The first thing I would like to look at is the fact nowhere in the gospels is the destruction of the temple looked at as a past event. It would follow that if the temple had been destroyed the authors would make a reference to the event actually taking place. One would expect a line similar to “and so it happened in X year” but no such reference is made.

Secondly, the references to the destruction of the temple that do exist actually would not make sense had they been written AFTER the destruction of the temple. Brant Pitre in his book “The Case for Jesus: The Biblical and Historical Evidence for Christ”, points out that Mark warns his audience to pray that the destruction of the temple does not occur in the winter (Mark 13:18), while Luke says not to enter into the city when the armies surround it (21:20-21), and Matthew adds to the warning to pray it doesn’t happen on the Sabbath (Matthew 24:20). None of these passages of scripture would make sense if the author was talking about a past event that had already occurred. They would know that the temple was destroyed in the summer and a warning to not enter the city when armies surrounded it would be obvious since it already occurred.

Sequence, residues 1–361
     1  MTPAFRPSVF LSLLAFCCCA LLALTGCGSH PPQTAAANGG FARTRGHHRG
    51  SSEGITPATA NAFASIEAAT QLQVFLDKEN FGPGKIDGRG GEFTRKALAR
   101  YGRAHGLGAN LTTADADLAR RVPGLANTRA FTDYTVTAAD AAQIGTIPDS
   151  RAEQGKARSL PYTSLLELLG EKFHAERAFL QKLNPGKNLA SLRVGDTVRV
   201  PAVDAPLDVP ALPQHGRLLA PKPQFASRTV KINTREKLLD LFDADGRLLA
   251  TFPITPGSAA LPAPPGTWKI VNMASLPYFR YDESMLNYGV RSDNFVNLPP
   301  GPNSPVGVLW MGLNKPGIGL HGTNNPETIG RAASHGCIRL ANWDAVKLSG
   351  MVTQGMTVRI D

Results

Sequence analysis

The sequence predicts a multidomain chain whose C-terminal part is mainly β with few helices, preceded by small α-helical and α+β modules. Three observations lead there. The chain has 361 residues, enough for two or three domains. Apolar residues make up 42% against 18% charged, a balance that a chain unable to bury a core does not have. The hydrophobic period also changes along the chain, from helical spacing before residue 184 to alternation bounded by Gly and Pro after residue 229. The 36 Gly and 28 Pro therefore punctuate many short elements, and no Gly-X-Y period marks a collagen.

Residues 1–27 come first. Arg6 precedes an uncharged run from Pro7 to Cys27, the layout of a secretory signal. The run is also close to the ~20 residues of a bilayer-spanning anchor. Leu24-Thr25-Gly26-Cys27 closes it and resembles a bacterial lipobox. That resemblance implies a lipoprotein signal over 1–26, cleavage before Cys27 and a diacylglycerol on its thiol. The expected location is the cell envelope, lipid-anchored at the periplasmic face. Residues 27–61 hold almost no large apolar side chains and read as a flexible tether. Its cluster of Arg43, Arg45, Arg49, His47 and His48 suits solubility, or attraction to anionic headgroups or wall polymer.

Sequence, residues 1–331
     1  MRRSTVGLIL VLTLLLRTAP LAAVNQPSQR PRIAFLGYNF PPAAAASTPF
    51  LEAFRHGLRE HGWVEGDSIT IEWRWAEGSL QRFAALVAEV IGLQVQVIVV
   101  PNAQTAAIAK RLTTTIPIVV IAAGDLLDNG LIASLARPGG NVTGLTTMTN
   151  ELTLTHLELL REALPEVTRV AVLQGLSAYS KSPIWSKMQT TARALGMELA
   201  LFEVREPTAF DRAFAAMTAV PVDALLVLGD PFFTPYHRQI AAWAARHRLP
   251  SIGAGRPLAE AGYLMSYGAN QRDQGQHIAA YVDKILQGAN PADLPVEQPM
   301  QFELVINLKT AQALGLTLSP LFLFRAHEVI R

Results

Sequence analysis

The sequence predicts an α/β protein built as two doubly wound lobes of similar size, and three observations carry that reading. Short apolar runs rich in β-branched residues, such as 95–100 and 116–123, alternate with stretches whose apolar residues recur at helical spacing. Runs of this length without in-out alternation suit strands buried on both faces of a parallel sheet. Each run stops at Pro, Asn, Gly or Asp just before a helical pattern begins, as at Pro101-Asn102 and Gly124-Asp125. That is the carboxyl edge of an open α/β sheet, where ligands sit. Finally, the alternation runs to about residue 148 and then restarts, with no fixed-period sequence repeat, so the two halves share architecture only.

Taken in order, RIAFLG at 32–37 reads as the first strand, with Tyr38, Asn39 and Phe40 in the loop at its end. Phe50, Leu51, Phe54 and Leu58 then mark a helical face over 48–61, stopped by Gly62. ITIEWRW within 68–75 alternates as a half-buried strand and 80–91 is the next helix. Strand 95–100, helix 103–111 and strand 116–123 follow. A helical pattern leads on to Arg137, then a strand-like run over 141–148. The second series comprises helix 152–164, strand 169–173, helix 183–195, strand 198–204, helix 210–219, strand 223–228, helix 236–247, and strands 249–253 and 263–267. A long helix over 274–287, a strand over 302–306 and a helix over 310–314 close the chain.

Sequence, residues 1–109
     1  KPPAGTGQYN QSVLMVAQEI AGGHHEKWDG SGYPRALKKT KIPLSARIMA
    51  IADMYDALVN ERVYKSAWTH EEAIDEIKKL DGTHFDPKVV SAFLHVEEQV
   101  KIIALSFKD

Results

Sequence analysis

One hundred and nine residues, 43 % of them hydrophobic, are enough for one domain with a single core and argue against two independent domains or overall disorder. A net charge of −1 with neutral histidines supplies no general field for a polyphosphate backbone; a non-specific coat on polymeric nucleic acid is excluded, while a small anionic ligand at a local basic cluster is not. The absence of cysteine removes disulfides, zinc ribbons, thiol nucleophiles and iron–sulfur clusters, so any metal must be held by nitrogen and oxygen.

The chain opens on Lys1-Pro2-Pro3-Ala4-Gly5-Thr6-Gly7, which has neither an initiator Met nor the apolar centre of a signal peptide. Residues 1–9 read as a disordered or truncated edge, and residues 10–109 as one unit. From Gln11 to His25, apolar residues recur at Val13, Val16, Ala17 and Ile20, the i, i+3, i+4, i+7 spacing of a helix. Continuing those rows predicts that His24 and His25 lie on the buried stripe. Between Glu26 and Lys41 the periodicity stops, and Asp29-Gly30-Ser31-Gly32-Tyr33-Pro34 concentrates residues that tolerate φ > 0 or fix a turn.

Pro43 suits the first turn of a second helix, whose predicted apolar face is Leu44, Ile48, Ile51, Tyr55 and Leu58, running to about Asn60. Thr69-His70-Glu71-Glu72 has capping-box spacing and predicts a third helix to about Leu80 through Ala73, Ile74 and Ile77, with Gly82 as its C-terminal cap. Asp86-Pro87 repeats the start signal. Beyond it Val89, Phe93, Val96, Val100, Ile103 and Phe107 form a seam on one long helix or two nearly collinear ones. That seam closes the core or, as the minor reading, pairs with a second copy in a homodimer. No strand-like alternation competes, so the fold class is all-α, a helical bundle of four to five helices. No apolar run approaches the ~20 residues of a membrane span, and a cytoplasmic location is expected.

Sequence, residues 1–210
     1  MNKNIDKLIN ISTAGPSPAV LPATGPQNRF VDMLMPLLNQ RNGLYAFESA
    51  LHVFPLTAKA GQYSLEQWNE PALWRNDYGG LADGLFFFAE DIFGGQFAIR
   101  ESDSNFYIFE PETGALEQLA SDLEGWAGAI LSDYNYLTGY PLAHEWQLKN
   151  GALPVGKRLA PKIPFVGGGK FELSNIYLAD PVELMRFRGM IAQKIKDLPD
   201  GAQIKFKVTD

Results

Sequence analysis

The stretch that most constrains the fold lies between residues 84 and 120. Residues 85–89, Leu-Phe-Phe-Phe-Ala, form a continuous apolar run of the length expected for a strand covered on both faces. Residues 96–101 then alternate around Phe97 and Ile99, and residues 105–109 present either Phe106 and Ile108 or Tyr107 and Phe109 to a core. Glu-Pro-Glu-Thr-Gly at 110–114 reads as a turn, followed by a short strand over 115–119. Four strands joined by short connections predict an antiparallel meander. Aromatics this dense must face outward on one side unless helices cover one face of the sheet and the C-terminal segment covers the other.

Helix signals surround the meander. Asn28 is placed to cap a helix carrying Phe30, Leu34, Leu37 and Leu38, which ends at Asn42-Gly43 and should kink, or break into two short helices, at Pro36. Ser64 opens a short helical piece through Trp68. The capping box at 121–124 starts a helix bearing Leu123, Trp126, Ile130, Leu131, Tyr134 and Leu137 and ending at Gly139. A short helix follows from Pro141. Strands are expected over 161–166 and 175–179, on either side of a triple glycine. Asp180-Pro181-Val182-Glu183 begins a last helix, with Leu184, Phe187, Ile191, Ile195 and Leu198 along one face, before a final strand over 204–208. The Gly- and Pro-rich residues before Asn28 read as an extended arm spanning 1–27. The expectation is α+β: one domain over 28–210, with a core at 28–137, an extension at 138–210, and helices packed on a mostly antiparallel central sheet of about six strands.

Then When Were They Written?